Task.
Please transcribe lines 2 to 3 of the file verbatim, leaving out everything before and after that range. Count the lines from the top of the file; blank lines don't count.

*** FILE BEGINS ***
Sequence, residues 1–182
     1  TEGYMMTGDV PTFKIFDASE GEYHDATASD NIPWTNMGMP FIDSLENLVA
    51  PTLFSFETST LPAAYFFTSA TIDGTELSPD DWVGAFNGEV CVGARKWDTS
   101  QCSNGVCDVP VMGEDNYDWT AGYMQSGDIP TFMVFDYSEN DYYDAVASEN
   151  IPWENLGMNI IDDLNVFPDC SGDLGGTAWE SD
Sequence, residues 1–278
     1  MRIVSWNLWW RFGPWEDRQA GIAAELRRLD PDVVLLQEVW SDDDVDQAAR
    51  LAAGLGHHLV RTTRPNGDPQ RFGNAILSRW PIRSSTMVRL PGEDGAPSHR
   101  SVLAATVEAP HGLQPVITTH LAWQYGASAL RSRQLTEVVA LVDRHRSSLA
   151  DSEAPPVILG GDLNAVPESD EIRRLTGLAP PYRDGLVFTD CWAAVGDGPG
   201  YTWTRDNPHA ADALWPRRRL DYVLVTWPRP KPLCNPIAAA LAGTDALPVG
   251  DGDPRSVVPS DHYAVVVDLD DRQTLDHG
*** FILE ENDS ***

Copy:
     1  TEGYMMTGDV PTFKIFDASE GEYHDATASD NIPWTNMGMP FIDSLENLVA
    51  PTLFSFETST LPAAYFFTSA TIDGTELSPD DWVGAFNGEV CVGARKWDTS